To cushion those who may have had to be retrenched even if these measures were implemented, the agreement had envisioned a training layoff scheme, wherein those losing their jobs would have been placed in a recognized institute to undergo training for six months.

During this period, the company would have been obliged to pay only 25% of their salary, while the remaining 75% was to be paid by the Sector Education and Training Authority (SETA), which falls under the Department of Higher Education and Training. In December, the unions had also negotiated the financing of this scheme with the Department of Labor’s Unemployment Insurance Fund (UIF).

“That would have ensured that those workers’ salaries are covered, (while) the airline gets a breathing space to figure out a long term plan,” she said, but “that was not implemented.”

After dishonoring the collective agreement, the BRPs then pushed their own “rescue plan”, which involved closing down route after route, and retrenching employees, which has now finally culminated in the proposal to retrench virtually all its employees and sell off the company in pieces.

While SAA was put under the command of BRPs, they never really had a Business Rescue Plan, the unions complained. Unions have refused to engage in the negotiation process outlined in Section 189 of South Africa’s Labor Relations Act. This section mandates that before laying off employees, the employer must hold negotiations with the unions representing them, in order to explore alternative arrangements to retrenchment, and where that is not viable, to negotiate an agreement on a fair retrenchment package for the employees. Notices have been sent to the unions to begin the process but both NUMSA and SACCA outright rejected the BRPs’ proposal calling for an agreement on the retrenchment package, which would make way for the final liquidation of SAA.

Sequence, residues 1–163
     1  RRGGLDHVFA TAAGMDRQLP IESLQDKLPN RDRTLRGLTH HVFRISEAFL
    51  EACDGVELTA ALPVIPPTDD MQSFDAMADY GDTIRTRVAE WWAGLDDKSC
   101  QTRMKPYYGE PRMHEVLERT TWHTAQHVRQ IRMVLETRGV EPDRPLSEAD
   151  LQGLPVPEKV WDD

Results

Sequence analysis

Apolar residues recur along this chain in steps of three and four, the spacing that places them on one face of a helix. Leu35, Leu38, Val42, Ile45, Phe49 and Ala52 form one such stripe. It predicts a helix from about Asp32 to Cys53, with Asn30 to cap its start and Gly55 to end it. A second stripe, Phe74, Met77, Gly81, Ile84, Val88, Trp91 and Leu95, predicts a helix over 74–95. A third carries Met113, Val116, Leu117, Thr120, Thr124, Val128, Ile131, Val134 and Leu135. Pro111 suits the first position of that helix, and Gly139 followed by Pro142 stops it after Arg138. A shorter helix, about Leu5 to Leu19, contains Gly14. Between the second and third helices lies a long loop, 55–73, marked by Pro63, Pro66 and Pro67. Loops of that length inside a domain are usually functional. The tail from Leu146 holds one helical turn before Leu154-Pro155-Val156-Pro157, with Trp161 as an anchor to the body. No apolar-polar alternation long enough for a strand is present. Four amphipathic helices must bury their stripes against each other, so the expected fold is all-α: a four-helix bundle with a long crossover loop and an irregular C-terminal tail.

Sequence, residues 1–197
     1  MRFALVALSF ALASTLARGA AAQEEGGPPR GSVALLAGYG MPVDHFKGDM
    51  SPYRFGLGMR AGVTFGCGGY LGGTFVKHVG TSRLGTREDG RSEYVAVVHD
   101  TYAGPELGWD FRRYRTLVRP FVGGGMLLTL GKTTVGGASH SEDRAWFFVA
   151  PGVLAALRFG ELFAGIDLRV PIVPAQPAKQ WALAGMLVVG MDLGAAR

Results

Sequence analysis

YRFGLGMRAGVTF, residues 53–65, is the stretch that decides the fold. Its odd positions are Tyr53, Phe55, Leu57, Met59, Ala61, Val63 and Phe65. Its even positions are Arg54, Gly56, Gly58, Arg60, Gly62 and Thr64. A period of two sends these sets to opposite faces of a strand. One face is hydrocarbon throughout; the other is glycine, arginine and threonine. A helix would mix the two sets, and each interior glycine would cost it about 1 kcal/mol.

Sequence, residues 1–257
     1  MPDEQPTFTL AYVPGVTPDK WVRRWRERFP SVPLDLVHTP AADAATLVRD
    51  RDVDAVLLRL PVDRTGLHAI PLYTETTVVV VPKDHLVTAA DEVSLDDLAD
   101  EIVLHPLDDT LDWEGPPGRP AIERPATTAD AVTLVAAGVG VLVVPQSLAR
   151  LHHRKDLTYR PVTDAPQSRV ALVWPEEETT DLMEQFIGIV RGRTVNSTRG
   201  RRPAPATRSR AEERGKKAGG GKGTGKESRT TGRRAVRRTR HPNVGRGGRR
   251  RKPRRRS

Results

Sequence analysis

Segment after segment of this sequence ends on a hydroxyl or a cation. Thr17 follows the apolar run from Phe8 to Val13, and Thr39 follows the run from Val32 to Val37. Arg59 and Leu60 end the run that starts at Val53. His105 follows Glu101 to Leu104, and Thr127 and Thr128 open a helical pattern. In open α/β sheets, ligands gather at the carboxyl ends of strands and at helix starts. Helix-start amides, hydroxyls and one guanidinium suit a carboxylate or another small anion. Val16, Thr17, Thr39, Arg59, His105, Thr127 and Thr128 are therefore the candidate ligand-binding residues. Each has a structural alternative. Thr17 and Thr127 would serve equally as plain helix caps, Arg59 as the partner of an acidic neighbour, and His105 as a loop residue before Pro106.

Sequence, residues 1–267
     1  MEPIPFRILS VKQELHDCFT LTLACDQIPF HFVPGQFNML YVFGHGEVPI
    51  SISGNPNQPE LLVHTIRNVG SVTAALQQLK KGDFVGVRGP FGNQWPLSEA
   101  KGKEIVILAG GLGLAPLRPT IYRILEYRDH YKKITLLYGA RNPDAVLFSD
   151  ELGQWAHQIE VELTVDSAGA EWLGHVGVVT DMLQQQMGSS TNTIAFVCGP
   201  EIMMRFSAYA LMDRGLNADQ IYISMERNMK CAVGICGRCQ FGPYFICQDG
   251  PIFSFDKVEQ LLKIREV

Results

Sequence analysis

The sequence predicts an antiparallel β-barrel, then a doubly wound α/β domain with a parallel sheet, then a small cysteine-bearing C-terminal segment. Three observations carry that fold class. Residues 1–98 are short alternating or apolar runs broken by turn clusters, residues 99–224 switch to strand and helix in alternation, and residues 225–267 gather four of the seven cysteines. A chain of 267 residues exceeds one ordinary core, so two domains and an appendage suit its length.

“We are an important stakeholder in this process but we have not been consulted at all on the development of the business rescue plan,” the unions complained in a joint statement. “Instead we are being presented with a purported collective agreement, which is entirely inconsistent with an attempt to save SAA. It’s against this backdrop that we outrightly reject this proposed agreement.”

DPE makes misleading claims about reaching an agreement with unions

Following this rejection, a meeting was convened between the DPE and the unions yesterday, after which the former released the following statement:

“The Unions agreed that in arriving at a solution for SAA, some jobs will be lost, and that employees that remain behind will need to sacrifice some of the unaffordable arrangements that had worsened the airline’s financial position. It was agreed that social plans will be developed to cushion the effect of losing jobs on the affected employees.”

The DPE’s statement was strongly rejected by union members. Hlubi-Majola complained, “We came for a meeting and they issued a statement that did not even reflect what happened in that meeting. That statement reflected their own wishes instead of reality.”

The unions issued a joint statement to explain what happened in the meeting, “It was a talk about having talks, which has not yet resumed. What we only managed to talk about is a possible framework or a draft agreement in the form of a Compact which will guide the objectives under which the negotiations about the future of SAA will take place.”

“We still want to and need to engage with them,” Hlubi-Majola told Peoples Dispatch. “All we are saying is that they need to engage in good faith. Because it really is time now for them to demonstrate what they have been saying all along. The governing party has been saying over and over again that SAA will not be liquidated and SAA will not be sold. So they need to commit to a plan of some kind, which will guarantee the future of this airline.”